Fred Astaire plays Dick Avery, the fashion photographer who longs for a fashion model who is both beautiful and intellectual, when he happens upon Jo Stockton (Hepburn) working at a bookstore where the magazine descends for a photo shoot. At Avery's urging, Maggie Prescott decides to make Jo the "face" for a new campaign for Quality magazine -- they seek to turn the decidedly unfashionable, book-wormish, headstrong Jo into a fashion icon whether she likes it or not. Before you can say, "how about a rousing song-and-dance number!" the trio are traipsing around the Eiffel Tower singing "Bonjour, Paris" and Dick and Jo are making goo-goo eyes at each other at a photo shoot.
The romance between the pair is the most unlikely part of the film -- Astaire was 30 years older than Hepburn, which made him 58 to her 28 at the time the film was made, but if you can overlook the likelihood of a young hottie like Hepburn going for an old guy who favors ascots, you can kind of just glance past that aspect of the film. The real highlight, for dorks like me who are suckers for musicals, are the song-and-dance routines, the most famous of which is a sexy little Bohemian number Hepburn performs in skinny black pants (Gap famously used Hepburn's dance here as a part of their own "skinny black pants" ad campaign a few years ago). Hepburn was a trained dancer, and reportedly took the role of Jo so that she could dance with Fred Astaire. The choreography throughout the film is fun to watch. For My Fair Lady, which came out seven years later, Hepburn's singing was dubbed over, but in Funny Face it's her voice you're hearing, and she does a pretty decent job of it.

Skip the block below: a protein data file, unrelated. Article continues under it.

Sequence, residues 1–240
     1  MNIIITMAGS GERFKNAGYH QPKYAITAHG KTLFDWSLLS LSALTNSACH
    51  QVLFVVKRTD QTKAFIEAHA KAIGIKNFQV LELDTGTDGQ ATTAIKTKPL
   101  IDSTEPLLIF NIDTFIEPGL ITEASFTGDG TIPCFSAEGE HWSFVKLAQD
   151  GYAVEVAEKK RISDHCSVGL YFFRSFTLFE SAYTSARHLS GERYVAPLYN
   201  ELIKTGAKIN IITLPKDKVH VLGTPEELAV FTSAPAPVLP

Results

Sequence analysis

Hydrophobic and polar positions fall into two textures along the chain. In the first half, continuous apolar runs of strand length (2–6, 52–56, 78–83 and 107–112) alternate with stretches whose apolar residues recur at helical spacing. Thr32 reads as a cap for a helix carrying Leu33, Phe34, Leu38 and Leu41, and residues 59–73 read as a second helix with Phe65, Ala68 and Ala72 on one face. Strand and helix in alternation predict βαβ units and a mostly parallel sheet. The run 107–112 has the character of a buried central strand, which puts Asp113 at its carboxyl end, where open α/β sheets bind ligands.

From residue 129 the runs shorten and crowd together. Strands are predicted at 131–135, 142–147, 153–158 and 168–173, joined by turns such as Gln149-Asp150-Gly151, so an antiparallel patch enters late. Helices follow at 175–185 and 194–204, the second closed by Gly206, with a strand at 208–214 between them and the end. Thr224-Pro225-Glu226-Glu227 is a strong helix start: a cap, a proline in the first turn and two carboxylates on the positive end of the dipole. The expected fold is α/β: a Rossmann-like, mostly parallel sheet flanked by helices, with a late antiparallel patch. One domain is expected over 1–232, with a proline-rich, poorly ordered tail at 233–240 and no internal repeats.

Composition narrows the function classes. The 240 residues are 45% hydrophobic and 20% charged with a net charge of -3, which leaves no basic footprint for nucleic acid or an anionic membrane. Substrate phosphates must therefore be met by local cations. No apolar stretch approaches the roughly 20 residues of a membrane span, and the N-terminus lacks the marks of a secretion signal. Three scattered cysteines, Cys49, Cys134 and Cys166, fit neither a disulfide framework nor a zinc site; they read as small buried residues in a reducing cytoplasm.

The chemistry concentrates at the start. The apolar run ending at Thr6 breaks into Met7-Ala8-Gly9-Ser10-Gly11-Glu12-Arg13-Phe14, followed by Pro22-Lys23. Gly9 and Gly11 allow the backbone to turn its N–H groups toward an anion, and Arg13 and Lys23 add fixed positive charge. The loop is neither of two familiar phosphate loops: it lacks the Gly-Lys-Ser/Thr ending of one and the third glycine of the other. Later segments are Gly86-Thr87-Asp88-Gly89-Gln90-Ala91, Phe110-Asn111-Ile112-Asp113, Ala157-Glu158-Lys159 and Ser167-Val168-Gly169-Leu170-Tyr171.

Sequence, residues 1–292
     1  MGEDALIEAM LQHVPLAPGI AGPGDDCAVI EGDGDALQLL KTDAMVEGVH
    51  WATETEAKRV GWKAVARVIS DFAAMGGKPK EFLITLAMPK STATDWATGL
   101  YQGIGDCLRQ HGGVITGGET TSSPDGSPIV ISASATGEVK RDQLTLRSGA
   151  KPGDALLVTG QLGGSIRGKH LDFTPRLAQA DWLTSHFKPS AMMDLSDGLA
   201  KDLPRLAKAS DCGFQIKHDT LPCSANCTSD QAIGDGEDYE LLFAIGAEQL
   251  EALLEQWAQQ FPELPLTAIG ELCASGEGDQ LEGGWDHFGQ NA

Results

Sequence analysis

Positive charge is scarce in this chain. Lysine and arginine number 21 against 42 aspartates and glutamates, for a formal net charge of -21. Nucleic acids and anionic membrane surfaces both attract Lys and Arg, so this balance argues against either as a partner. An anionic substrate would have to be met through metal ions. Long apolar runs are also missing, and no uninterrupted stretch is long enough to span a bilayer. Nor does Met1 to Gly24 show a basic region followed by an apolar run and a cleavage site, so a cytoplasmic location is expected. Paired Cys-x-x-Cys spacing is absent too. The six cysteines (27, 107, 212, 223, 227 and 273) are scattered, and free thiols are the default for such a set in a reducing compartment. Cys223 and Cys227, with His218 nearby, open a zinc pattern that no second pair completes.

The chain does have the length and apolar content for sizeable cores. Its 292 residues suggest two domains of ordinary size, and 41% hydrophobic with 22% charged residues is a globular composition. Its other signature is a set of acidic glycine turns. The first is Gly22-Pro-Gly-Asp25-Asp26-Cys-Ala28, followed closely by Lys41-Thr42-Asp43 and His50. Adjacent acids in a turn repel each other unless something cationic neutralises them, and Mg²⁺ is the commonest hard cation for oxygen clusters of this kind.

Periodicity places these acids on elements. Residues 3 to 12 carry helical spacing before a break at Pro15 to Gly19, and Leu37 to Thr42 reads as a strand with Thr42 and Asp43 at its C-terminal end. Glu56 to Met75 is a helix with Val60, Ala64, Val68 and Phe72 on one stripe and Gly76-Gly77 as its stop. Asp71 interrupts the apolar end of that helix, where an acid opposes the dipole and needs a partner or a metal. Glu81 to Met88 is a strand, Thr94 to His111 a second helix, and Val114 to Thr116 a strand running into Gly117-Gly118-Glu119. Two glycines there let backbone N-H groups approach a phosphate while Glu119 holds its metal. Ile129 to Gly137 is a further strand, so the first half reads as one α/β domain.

What I especially like about Funny Face is the vivid color palette used in the visual design of the film. Everything is bright, and fasionable, and very glam, and this anniversary edition looks absolutely great. The timelessness of the fashions in the film (and especially, how Hepburn wears them) are so classicly lovely, so glamorous, it almost makes me long for the days when women went everywhere in dresses and heels (unless, like Jo, they were intellectual Bohemians in skinny pants; you'd need a petite figure like Auburn's to pull off that style without looking like an overly stuffed sausage casing). Astaire, at 58, looks dapper and is remarkably light on his feet in the dance scenes -- and there are plenty of them in this film to give him a chance to show his stuff.
There's only one disc in the anniversary edition, but there are a few extras, including a bit about Hepburn's real-life relationship with fashion designer Hubert Givenchy, whose muse she was for most of her career. There's a small featurette in there as well about Paramount's history with musicals (White Christmas is still one of my fave musicals ever). Other than that, though, it's mostly just about the film with this one; if you're a fan of Hepburn or Astaire, this is a great classic film to add to your collection.